Water quality experts call for metaldehyde ban

There should be at least a partial ban on the use of the pesticide metaldehyde on agricultural land because of its effect on water catchments, industry experts said at the WWT Drinking Water Quality conference yesterday.

Metaldehyde, a chemical used in the majority of slug pellets, is very difficult and costly to remove from water and so presents a significant challenge for the water sector. The conference in Birmingham heard from catchment managers at water companies who had persuaded farmers to use alternative pellets based on ferric phosphate, alternative techniques for killing slugs such as raking and dessication, or to make other changes to their farming practices to minimise surface run-off.

However, several speakers also said that their ought to be targeted bans on metaldehyde use in sensitive catchments in order to get the message across quicker to farmers and speed up progress on the issue.

Thames Water’s water quality and compliance manager David Reynolds said “We’re relying on this partnership approach, but will it work? We have been using carrots – but do we need to start talking about sticks?” He added that catchment management combined with controlled abstraction was “very successful when there is enough water,” but in times of shortage he feared there were “not enough tools in the armoury.”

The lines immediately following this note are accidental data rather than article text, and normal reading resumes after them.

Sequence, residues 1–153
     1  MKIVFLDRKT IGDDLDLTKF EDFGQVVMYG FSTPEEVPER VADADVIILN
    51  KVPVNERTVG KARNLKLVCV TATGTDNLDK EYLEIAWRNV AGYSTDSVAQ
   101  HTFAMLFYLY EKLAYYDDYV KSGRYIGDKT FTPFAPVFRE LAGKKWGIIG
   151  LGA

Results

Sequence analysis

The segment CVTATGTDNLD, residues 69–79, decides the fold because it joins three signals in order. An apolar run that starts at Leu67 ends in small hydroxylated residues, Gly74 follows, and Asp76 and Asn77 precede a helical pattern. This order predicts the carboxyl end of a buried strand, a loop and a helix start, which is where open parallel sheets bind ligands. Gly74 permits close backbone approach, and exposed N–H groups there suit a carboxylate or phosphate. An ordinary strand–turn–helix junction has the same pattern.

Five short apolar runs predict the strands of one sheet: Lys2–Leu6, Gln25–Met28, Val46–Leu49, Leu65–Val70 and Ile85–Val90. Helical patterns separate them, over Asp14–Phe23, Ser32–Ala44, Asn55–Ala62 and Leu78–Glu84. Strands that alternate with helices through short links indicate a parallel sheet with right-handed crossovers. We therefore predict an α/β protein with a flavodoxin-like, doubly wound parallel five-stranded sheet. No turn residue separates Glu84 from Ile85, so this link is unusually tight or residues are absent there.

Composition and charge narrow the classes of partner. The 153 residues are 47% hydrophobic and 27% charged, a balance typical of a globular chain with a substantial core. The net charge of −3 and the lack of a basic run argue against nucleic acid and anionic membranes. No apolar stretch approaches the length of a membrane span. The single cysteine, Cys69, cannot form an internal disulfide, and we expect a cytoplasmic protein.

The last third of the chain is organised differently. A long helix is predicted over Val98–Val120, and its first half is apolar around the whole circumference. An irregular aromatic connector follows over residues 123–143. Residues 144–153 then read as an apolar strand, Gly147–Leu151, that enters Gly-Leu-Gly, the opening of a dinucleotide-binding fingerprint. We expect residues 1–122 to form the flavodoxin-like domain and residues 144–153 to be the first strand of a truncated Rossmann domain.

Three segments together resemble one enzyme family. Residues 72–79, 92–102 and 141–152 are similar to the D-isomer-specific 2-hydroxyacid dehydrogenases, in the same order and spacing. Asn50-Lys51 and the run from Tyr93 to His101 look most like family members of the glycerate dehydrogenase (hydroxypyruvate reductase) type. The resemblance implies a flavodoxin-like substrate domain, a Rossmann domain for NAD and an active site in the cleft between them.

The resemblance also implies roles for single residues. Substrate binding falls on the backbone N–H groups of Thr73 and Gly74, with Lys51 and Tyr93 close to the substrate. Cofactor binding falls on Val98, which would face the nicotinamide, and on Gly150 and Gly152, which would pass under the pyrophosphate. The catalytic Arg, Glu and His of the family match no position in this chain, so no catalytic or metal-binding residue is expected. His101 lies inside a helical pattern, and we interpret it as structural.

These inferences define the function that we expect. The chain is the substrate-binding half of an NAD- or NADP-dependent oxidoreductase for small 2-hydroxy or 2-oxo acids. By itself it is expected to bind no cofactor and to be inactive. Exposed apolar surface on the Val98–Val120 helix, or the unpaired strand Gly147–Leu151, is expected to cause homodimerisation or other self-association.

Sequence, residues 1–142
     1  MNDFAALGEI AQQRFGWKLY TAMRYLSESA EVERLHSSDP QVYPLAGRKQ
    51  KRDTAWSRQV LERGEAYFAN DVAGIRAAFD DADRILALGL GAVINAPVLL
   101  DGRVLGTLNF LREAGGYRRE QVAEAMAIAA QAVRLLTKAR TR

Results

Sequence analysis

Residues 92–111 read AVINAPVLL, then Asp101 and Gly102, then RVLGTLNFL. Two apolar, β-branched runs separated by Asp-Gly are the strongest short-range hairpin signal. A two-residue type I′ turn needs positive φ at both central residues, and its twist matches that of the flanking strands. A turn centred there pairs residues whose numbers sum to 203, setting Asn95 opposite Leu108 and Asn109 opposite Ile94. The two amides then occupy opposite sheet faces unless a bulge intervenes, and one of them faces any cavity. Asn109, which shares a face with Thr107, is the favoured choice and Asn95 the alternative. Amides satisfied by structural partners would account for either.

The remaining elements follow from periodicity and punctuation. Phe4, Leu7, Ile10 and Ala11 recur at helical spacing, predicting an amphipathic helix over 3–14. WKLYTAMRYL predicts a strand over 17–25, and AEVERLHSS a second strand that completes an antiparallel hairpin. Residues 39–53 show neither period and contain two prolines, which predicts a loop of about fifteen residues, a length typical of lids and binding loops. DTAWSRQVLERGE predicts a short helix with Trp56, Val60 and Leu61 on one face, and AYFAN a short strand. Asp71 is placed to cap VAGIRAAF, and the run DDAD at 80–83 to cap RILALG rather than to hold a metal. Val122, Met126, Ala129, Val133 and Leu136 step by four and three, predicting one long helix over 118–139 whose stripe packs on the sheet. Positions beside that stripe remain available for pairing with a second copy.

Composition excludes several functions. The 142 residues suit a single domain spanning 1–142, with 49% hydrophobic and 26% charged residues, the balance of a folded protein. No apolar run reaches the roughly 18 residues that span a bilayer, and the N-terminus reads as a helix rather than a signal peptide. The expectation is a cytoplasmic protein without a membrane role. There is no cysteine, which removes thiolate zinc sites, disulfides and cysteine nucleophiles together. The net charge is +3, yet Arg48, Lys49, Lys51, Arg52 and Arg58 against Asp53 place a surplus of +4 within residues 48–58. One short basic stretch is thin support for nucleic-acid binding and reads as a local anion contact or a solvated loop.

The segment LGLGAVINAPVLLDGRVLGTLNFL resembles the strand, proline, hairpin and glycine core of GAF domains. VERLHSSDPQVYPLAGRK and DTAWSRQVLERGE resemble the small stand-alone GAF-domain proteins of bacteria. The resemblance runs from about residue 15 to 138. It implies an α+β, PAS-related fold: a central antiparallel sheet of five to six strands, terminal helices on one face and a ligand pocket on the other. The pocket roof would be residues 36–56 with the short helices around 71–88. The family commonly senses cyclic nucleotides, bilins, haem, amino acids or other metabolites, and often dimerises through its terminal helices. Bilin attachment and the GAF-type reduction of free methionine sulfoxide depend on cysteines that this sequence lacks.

Anglian Water regional quality manager Robin Price echoed this and said that with alternatives available in the form of ferric phosphate, an Environment Agency-enforced ban would enable the industry to “move on” from the issue of metaldehyde and address the wider picture on pesticide use.

However, other speakers pointed out the practical difficulties of such an approach. An outright ban on metaldehyde would be problematic as agriculture is the not the only user of the chemical, and the diffuse nature of metaldehyde pollution in water would make targeted bans difficult to administer.

Environment Agency drinking water manager Nick Cartright said: “If you start drawing lines saying in this field is in, this field is out, then experience suggests that individuals will challenge those decisions and some will appeal. There needs to be a high level of scientific evidence to back that up.”

National Farmers Union drinking water quality lead Nicola Dunn argued against regulatory intervention, saying that constructive partnerships with farmers were the way forward. “At the NFU we see regulation as a blunt tool for fixing problems,” she added.

The WWT Drinking Water Quality Conference was held in Birmingham on 27 September in association with Northumbrian Water and Veolia Water Technologies.

This article first appeared on wwtonline